Legislative Bulletin – Friday, April 7, 2017



S. 845

The Protecting Sensitive Locations Act

This bill would codify and expand an existing policy already in place at Immigration and Customs Enforcement (ICE) to require that ICE agents receive prior approval from a supervisor when there are exigent circumstances before engaging in enforcement actions at sensitive locations, such as schools, hospitals and health clinics, places of worship, organizations assisting crime victims, and other specified locations. The legislation also requires that ICE agents receive yearly training and report annually regarding enforcement actions in these locations.

Sponsored by Senator Richard Blumenthal (D – Connecticut) (10cosponsors)

04/05/2017 Introduced in the Senate by Senator Blumenthal

04/05/2017 Referred to the Senate Committee on the Judiciary

H.R. 1941

A Bill to Amend the Immigration and Nationality Act to Make the Exception for Returning Workers Permanent, and for Other Purposes.

Sponsored by Representative Clay Higgins (R – Louisiana) (0cosponsors)

04/05/2017 Introduced in the House by Representative Higgins

04/05/2017 Referred to the House Committee on the Judiciary

H.R. 2043

Fair Day in Court for Kids Act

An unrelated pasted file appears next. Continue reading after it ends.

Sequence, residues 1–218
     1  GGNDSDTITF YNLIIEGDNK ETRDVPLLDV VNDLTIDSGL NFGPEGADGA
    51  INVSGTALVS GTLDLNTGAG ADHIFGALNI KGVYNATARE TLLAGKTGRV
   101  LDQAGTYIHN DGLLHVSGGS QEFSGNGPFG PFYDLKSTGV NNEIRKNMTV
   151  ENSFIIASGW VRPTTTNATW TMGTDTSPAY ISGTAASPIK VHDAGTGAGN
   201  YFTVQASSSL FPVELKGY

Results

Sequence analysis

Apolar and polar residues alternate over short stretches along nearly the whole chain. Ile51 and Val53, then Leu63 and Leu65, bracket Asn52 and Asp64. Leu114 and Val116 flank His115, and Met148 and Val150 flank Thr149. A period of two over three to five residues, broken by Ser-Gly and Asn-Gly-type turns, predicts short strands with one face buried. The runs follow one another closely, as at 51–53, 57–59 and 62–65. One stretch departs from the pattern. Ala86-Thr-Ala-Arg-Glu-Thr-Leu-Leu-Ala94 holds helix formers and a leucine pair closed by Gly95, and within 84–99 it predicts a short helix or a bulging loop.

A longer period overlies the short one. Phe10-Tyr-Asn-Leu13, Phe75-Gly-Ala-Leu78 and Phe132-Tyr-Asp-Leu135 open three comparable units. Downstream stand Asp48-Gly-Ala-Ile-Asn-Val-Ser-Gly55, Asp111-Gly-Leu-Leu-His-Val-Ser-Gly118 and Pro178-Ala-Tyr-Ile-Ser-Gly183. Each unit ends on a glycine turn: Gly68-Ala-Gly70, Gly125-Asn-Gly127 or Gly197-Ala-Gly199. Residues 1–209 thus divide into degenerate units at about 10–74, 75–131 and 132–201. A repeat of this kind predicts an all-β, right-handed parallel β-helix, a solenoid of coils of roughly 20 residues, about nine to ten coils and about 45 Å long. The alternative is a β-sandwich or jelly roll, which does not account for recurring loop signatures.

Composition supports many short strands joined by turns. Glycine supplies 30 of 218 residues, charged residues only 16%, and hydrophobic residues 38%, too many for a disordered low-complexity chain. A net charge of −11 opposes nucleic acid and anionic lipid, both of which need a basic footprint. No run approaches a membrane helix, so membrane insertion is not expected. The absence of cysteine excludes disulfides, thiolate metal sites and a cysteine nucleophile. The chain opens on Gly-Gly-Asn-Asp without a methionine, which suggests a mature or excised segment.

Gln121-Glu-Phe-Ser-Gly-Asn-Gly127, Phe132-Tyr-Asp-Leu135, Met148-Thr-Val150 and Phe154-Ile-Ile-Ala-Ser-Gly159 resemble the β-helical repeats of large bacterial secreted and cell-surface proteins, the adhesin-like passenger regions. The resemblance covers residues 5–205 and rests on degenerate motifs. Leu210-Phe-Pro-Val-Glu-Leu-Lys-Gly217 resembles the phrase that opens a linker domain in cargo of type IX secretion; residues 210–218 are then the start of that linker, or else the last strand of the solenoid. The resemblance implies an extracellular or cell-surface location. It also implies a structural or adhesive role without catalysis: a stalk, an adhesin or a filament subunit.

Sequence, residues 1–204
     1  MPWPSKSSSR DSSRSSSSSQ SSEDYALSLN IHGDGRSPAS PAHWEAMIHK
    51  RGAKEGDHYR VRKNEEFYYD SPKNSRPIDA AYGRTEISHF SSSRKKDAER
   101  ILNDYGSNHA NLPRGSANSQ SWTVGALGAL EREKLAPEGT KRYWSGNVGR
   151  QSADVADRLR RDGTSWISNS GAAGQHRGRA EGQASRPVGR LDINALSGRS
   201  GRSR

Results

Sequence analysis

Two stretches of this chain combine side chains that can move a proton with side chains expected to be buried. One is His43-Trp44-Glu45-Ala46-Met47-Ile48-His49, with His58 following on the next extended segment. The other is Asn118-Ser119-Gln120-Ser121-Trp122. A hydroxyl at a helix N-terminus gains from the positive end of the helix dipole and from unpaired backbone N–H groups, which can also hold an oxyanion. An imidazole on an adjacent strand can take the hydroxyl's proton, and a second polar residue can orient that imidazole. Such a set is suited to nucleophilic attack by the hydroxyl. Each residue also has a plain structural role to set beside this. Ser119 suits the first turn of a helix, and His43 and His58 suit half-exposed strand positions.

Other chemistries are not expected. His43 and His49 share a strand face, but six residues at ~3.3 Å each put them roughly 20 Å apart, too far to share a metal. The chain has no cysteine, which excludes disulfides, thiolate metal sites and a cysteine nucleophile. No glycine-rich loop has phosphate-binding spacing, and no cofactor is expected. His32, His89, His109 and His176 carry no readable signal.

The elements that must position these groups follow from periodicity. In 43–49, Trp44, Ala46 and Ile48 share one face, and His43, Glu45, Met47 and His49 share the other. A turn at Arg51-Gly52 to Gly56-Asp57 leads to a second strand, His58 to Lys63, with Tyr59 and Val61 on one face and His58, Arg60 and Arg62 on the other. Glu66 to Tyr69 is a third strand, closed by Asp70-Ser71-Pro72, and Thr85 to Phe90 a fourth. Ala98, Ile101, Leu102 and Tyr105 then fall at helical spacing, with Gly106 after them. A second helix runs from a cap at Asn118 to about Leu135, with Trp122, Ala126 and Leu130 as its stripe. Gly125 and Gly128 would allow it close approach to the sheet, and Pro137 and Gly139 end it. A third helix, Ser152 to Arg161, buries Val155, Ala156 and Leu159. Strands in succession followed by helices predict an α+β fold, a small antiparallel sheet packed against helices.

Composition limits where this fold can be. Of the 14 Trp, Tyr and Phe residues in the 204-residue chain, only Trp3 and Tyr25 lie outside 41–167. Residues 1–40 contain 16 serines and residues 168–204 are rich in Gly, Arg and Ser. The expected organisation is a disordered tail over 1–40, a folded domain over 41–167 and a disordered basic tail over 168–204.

The bill would require that the government appoint counsel for children and vulnerable individuals in immigration removal proceedings, and would require that the Department of Homeland Security (DHS) establish procedures to ensure that legal orientation programs are available to all detained immigrants.

Sponsored by Representative Zoe Lofgren (D – California) (22cosponsors)

04/06/2017 Introduced in the House by Representative Lofgren

04/06/2017 Referred to the House Committee on the Judiciary


The U.S. House of Representative and the U.S. Senate are out of session until the week of Monday, April 24, 2017.


There are no hearings or markups scheduled for the week of Monday, April 10, 2017.



Kelly Testifies Before Senate Committee about Border Wall, Family Separation